End-of-Year Tax Updates
In the Small Business Edge recent segment of our 5 in Five podcast, our guest expert was Barbara Weltman, Founder and President of Big Ideas for Small Business, Author of the J.K. Lasser Small Business Taxes 2023 Edition, and a top tax expert for business owners. Below are highlights from our discussion.
Brian Moran: If business owners are stuck with inventory at the end of this year, what options will they have to gain any sort of tax break?
Barbara Weltman: Mark them down and offer them for sale at least 30 days before the end of the year. Then, consider donating your remaining inventory for a potential tax deduction, but not a great amount. Lastly, if you can't give it away or sell it, throw it away, and write it off.
Brian: Are there tax deductions in 2022 for charitable giving?
Barbara: During Covid, the IRS upped the write-off opportunities for charitable giving, but they have expired. We are back to the pre-pandemic limits for 2022.
Many businesses like to give employees time off to work with favorite charities or as part of a group activity. In some cases, there isn’t a tax break, but there is certainly a lot of good will. Remember, most employees like to work for companies that do good.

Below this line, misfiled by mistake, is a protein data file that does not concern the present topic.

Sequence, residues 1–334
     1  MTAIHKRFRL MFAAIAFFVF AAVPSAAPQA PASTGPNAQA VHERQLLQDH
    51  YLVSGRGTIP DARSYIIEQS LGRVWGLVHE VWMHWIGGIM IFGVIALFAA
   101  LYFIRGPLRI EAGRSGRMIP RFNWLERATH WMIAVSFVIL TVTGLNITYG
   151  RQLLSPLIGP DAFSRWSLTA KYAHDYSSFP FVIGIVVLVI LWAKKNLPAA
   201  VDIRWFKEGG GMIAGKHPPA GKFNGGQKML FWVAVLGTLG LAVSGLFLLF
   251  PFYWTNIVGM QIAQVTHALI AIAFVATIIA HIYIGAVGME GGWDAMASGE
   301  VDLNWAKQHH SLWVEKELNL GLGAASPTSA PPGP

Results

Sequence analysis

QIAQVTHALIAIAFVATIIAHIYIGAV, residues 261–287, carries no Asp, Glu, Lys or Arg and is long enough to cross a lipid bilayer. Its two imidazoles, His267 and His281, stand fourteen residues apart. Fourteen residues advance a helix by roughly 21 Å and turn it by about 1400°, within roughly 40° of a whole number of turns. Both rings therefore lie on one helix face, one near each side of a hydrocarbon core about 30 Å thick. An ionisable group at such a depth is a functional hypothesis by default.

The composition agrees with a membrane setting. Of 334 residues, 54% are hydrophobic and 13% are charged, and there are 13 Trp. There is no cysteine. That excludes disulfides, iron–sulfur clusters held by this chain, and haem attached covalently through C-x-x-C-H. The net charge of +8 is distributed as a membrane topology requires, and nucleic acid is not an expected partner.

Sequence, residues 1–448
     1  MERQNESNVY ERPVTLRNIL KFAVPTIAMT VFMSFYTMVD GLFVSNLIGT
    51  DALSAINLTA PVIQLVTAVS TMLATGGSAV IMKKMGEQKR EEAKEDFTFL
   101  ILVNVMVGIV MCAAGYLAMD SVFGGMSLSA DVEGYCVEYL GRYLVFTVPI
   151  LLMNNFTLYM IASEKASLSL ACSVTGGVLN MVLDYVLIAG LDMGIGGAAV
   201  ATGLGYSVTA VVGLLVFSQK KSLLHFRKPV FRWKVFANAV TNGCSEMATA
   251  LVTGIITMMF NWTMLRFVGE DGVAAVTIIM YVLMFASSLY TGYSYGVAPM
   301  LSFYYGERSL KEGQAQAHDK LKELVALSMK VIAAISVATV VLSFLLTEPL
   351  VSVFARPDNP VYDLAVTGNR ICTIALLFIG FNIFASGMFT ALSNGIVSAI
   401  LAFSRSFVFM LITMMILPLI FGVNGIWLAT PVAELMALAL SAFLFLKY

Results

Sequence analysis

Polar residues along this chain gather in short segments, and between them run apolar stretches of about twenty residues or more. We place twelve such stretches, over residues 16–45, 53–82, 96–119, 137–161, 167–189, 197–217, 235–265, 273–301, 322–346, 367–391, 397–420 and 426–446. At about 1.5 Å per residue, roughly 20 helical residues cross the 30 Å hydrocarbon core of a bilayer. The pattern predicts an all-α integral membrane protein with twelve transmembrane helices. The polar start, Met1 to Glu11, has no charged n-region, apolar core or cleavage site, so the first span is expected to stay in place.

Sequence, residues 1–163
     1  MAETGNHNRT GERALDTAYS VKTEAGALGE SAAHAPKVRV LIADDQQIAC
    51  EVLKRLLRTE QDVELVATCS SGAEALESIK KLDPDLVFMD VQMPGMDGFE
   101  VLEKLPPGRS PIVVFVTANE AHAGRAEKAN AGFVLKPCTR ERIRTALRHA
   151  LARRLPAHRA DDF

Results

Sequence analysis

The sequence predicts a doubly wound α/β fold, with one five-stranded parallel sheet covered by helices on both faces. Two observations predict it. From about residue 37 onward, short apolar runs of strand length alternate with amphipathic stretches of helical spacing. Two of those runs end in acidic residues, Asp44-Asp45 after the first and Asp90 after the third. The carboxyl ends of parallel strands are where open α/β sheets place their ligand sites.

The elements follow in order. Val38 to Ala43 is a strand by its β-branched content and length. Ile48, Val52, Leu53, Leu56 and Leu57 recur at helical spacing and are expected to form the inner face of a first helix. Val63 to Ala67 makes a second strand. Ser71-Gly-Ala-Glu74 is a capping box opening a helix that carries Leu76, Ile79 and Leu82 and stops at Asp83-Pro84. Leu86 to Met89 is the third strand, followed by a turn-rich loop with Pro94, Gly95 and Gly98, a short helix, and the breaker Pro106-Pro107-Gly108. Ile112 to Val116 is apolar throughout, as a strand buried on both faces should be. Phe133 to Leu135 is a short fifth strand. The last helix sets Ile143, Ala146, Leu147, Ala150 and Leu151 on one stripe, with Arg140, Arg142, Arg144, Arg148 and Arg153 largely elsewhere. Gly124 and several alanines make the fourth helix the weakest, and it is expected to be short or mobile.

Brian: Looking ahead to 2023, there seems to be many new “green” tax rules. What can business owners expect from those in 2023 and how can they plan accordingly?
Barbara: You are correct. There are a slew of new tax rules related to green energy. Look for tax rules on buying new, preowned, and commercial electronic vehicles (EVs). There will also be tax credits for EV charging stations. We currently have tax deductions for energy efficient commercial buildings, but they will increase substantially in 2023.
The drawback at this point, is that we need guidance, and we don't have it yet. There are some sticky questions, such as new rules requiring apprenticeship programs and we don't know how it all fits into the tax picture.
Brian: When do business owners need to decide on offering a retirement plan for their employees in 2023?
Barbara: It's not too late to decide on a 2022 retirement plan if you don't have a plan. You can set up and fund a retirement plan up to the extended due date of your return (potentially October 2023). But, if you choose a plan like a 401k that requires employee contributions, you will need to give them a notice period.
For 2023 retirement plans, the sooner you do it, the better. There is a lot of flexibility for companies to decide whether the plan will be fully funded by employee salary reduction contributions or whether employers are going to make contributions as an incentive or as a benefit to them.
There are tax credits too. If you don't currently have a plan, set one up, and if at least one person in the plan isn't an owner, you can get a tax credit for up to three years.
Brian: Barbara, thank you so much for today.